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  7. gixxerwimp

    gixxerwimp Professional tricycle rider

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    I agree, but my wife insists on it, especially as she's paying for it #myavatar
     
  8. rlow

    rlow A happy woofer

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    Come on baby leave some change behind
    She was a bitch but I don't care
    She brought our food out on time
    And wore a funky barrette in her hair

    Come on baby leave some change behind
    She was a bitch but good enough
    To leave some change everybody's good
    Enough for some change

    Some fucking chaeaeaeange!

    The girl's got family
    She needs cash to buy aspirin for
    Her pain everybody's good enough
    For some change

    We all get the flu we all get aids
    We've got to stick together
    After all, everybody's good enough
    For some change, some fucking change



    If you work a minimum wage thankless service job dealing with the general public where you generally have to take shit from customers constantly, and you have an opportunity (and means) to help out just a bit, just do it. Even going through the coffee drive thru, I generally leave a quarter or 50 cents behind (or whatever the change is I was going to get back) - it adds up, and these guys (mostly gals) count on it. Greedy business owners are not going to increase their wages period, unless it’s legislated, so helping out like this keeps many families afloat.
     
    Last edited: Sep 11, 2019 at 4:39 AM
  9. rlow

    rlow A happy woofer

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    I want to add to this however based on the OP:

    I don’t generally agree with providing tips up-front before the service or product was provided, especially when we’re talking about something more expensive than say a coffee.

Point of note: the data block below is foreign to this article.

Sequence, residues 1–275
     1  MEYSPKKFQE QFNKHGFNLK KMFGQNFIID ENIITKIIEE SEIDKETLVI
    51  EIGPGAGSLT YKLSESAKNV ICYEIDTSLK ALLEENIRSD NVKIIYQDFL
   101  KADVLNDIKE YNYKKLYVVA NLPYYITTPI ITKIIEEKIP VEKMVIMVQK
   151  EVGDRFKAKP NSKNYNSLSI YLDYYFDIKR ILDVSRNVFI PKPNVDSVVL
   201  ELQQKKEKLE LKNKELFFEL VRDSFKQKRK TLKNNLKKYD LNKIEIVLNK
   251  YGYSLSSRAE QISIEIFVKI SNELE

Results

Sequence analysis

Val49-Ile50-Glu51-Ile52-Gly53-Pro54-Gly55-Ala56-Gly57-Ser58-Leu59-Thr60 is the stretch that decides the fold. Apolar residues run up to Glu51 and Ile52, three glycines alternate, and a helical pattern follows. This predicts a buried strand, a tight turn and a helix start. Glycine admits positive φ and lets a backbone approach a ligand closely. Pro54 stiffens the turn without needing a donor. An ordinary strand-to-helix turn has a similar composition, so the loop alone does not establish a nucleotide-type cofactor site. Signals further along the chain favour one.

In a decent sit-down restaurant, if you’re a jerk or serve me something that is clearly bad and then make a fuss about me returning it, you won’t get tipped. Mistakes in food prep happen, but if you push back on me about it, tip gone.
     
    Last edited: Sep 11, 2019 at 6:11 AM
  10. Stuff Jones

    Stuff Jones Friend

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    How much do you tip your stable boy?
     
  11. Deep Funk

    Deep Funk Deep thoughts - Friend

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    My opinion will deviate a bit.

    I am Dutch and live in the Netherlands. Life here is not cheap, but still affordable. In the hospitality sector we make minimum wage but if you work less that 24-30 hours in the week on average, you will end up broke in most cases. (I have been a temporary hire with 0-hour contract for some years, I know the feeling.)

    I tip on two conditions:
    1. Appreciation of my fellow brothers and sisters doing a labour intensive job (know at least 50% of them are hoping to get out of it).
    2. Good service and/or actually trying to do a good job (when people give a fuck, you recognise it and appreciate it). It does not have to be much mind you, a good joke alone earns you my tip.
    In case somebody fucks up and simply will not apologise or try to fix the situation (politesse and a resourcefulness) that person does not deserve my tip. You can be grumpy, okay. You can be tired, that is life.

    When someone is simply not trying even a bit, fuck it. My wallet's contents will not be shared. I believe that in life you should treat others like you want to be treated. That little bit of decency makes life very pleasant.

    I have had colleagues who could not even do that. I will never miss those people.

    P.S.

    Standard for me: 10-ish %
    You make me laugh: at least 20-ish %
     
  12. elmoe